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When I lived in South Africa, it was always easy for our family to buy ostrich steaks as an alternative to beef. Nowadays, the rest of the world has caught up with how wonderfully healthy and tasty ostrich meat is and what a great steak substitute it makes. Particularly if you’re looking to control your dietary fat intake, you may be wondering how to go about cooking the best ostrich fillets that are filled with flavor.
Due to being a reasonably lean meat, ostrich has become a popular choice for many who are avoiding beef due to the higher fat content. Despite coming from a bird, ostrich is a lovely dark red meat that can make for a great beef steak substitute. It does not taste quite like other poultry such as turkey or chicken, and though the subtle, gamey flavor is not as intense as some cuts of beef, it does taste similar to filet mignon.
Ostrich meat performs best when it is well-seasoned and marinaded, which helps to keep the flavors in while cooking. Many recipes that call for beef steaks can be altered to suit ostrich if you take into consideration the lower fat content and adjust the cooking accordingly. The leanness can mean you’ll need to season the ostrich a bit more to make up for any depth in flavor.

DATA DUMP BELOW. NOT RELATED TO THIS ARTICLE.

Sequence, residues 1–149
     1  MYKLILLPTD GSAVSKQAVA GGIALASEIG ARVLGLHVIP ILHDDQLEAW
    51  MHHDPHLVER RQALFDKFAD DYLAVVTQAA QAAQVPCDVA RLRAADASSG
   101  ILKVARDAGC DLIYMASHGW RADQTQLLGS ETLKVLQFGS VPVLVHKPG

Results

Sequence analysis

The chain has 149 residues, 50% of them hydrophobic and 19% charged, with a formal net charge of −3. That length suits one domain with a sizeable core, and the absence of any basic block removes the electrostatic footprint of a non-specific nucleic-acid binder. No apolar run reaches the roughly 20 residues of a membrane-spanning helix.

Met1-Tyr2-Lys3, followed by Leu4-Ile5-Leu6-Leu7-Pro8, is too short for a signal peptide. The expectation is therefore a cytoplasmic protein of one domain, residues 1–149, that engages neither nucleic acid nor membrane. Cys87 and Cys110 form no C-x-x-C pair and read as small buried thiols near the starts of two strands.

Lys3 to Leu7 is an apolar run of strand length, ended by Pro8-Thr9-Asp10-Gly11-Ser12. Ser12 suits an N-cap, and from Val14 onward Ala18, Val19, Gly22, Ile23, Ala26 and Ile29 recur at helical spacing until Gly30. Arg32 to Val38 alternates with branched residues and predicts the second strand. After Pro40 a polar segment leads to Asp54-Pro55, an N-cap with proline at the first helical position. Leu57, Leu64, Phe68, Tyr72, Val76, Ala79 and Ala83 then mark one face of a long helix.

Recipes that use very short cooking times, like stir-fry, are ideal for ostrich fillets, and recipes with rich sauces accompany ostrich very well. Below is a simple recipe to produce perfect pan-fried ostrich fillets every time. By cooking them in the pan, you’ll easily judge if you’re overcooking the ostrich meat, as ostrich is best served rare to medium-rare.
- 2 Tbsp olive oil
- 2 Tbsp Worcestershire sauce OR 2 Tbsp soy sauce
- 2 minced garlic cloves
- 1 tsp ground black pepper
- 1 Tbsp chopped fresh thyme
- 4 ostrich steaks 4-5 oz each
- Get your ostrich fillets ready to go and defrost before you begin if they are frozen, ideally in the fridge overnight.
- Combine the minced garlic, black pepper, Worcestershire sauce, thyme, and one tablespoon of olive oil in a bowl and mix to create a seasoning rub.
- Apply seasoning to both sides of the ostrich fillets, ensuring even coverage. The seasoning will flavor the meat and help it retain moisture when you fry or grill the steaks.
- Cover the steaks and leave them in the fridge for 2 to 5 hours.
- Remove the fillets from the fridge and let them stand at room temperature for 15 minutes before cooking.
- Gently heat a splash of olive oil in a heavy frying pan.
- Add the ostrich fillets and fry until both sides are browned, but the steak is still rare to medium-rare. If the pan heat is high, this could take 3 minutes each side (6 minutes total) for rare and 5 minutes each side (10 minutes total) for medium
- Remove the fillets from the pan and season with salt to taste.
- Garnish with sprigs of thyme before serving.
Notes & Tips
- Allow your ostrich meat to rest at room temperature for about ten minutes before cooking.
- Pat the fillets dry to remove excess moisture.